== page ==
It’s funny that no matter how many warnings they get, Europe simply refuses to act to decrease their dependence on Russian energy. This one comes from the Financial Times:
“No matter how much confidence European leaders have expressed about Russia’s reliability, there is still a lot of risk associated with it,” says Vladimir Milov, a former deputy energy minister. Europe is deepening its dependence on Russian oil and gas at the same time that relations continue to sink. Europe, led by Germany and Italy, already relies on Russia for one-quarter of its gas supplies – an amount expected to rise to half by 2030.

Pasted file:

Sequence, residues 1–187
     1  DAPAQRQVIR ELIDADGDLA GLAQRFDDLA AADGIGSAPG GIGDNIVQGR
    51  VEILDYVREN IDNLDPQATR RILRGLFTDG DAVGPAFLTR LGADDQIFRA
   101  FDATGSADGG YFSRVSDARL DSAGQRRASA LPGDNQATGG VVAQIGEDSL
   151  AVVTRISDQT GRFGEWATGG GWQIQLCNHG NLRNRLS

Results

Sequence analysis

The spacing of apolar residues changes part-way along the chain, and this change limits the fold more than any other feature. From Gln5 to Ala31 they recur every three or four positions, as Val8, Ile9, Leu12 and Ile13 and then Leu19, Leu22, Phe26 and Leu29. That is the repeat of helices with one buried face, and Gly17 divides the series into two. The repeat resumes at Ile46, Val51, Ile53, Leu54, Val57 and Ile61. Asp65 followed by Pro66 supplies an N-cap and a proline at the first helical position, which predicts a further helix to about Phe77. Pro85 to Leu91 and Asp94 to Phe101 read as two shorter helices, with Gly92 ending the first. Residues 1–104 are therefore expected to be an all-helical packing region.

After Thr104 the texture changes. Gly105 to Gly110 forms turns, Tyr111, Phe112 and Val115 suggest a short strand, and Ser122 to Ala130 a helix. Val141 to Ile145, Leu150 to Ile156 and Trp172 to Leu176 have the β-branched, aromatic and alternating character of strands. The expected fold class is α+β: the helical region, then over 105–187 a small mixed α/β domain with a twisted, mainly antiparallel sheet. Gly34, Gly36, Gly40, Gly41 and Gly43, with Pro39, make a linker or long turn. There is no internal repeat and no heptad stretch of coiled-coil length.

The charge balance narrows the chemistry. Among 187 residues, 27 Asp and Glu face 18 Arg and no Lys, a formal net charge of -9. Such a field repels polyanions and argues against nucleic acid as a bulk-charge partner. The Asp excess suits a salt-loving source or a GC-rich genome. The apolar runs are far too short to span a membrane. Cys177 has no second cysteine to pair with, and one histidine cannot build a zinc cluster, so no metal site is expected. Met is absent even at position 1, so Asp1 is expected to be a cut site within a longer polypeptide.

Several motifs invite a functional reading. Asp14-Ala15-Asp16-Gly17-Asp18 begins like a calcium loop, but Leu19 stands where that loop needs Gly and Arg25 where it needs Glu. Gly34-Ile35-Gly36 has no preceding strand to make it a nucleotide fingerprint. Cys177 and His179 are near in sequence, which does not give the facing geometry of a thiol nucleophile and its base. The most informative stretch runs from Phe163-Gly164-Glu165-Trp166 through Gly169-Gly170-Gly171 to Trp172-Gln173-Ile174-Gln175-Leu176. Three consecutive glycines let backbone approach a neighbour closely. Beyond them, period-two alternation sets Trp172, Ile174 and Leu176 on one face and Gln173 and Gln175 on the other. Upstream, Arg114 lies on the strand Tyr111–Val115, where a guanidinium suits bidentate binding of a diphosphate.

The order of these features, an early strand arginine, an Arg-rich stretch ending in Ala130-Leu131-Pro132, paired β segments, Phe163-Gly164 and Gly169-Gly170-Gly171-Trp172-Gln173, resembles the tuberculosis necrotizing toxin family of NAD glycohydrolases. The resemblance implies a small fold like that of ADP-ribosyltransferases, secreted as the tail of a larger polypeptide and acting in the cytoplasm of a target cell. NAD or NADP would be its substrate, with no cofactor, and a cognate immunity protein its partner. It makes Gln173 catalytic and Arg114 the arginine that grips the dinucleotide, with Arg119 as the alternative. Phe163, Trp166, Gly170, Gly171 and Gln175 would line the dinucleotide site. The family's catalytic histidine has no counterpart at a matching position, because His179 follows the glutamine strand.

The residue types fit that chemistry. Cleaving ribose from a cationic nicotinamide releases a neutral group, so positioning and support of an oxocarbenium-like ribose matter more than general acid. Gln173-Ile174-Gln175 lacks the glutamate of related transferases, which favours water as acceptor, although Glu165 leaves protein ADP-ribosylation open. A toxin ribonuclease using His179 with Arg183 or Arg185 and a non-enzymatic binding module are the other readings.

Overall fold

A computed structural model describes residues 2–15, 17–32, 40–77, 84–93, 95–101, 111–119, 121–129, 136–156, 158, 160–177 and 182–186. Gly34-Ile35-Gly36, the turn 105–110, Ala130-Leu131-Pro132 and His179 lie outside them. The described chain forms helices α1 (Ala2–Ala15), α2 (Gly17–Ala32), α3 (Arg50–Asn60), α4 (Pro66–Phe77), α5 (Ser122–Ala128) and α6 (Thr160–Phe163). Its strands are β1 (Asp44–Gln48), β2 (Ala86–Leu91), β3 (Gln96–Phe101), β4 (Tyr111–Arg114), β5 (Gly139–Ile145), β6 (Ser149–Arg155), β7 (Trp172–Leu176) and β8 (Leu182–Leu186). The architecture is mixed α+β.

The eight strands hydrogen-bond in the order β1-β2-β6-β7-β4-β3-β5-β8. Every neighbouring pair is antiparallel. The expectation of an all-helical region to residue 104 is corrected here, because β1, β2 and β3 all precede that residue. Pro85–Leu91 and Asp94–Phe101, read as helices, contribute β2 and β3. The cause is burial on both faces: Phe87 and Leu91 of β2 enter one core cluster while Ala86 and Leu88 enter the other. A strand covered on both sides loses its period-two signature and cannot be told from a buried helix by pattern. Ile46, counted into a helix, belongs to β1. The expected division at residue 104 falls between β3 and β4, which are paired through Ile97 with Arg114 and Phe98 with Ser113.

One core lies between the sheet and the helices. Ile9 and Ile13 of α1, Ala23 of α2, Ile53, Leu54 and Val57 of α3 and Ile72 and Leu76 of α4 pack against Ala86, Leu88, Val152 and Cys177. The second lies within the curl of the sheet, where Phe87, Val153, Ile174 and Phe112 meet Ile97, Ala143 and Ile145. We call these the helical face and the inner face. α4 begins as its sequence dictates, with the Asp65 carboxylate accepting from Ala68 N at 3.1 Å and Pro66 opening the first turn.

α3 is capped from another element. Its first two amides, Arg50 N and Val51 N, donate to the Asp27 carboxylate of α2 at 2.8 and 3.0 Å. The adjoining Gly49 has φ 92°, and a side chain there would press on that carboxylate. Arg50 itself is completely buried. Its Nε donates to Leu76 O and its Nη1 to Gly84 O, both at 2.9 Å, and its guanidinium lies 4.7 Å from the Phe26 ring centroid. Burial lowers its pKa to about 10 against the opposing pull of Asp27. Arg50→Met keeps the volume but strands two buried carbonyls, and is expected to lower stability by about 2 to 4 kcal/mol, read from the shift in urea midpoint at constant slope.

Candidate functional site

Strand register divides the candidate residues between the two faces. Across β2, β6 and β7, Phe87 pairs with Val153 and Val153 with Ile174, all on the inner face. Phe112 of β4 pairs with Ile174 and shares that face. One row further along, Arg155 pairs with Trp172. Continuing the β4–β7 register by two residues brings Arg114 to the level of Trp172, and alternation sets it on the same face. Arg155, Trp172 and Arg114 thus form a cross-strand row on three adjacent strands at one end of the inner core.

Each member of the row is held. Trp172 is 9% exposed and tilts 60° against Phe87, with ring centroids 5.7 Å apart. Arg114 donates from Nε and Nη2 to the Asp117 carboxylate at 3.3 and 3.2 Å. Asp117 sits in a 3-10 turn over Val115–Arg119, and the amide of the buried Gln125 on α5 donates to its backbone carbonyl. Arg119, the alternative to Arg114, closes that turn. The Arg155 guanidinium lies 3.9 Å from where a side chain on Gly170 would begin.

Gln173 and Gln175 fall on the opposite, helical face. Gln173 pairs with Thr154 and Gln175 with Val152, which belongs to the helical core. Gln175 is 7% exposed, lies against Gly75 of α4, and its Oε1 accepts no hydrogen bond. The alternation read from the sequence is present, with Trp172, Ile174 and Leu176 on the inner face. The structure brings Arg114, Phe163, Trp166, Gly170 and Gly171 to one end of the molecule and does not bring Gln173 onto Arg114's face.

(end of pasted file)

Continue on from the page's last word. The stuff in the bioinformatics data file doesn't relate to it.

The question of cross-border oil supplies is less problematic. During the brief Czech crisis, refiner Unipetrol tapped stored reserves and boosted shipments through an alternative pipeline. It remains unclear what the true cause of the cut was, and the issue was raised during a mid-October meeting in Paris between Andris Piebalgs, EU Energy Commissioner, and Sergei Shmatko, Russian Energy Minister, according to a person close to the talks.It is shipments of gas – that for the moment pass through trouble spots such as Ukraine and Georgia – that cause more worry.“In the short-term, Europe has much less leverage against Russia’s actions than in the long-term,” says Mr Milov. Mr Milov, a harsh critic of state gas giant Gazprom, advises Europe to boost its stock of gas storage tanks, while researching alternative fuel sources to lessen dependence on Russian gas and prepare for politically-tinged shortfalls.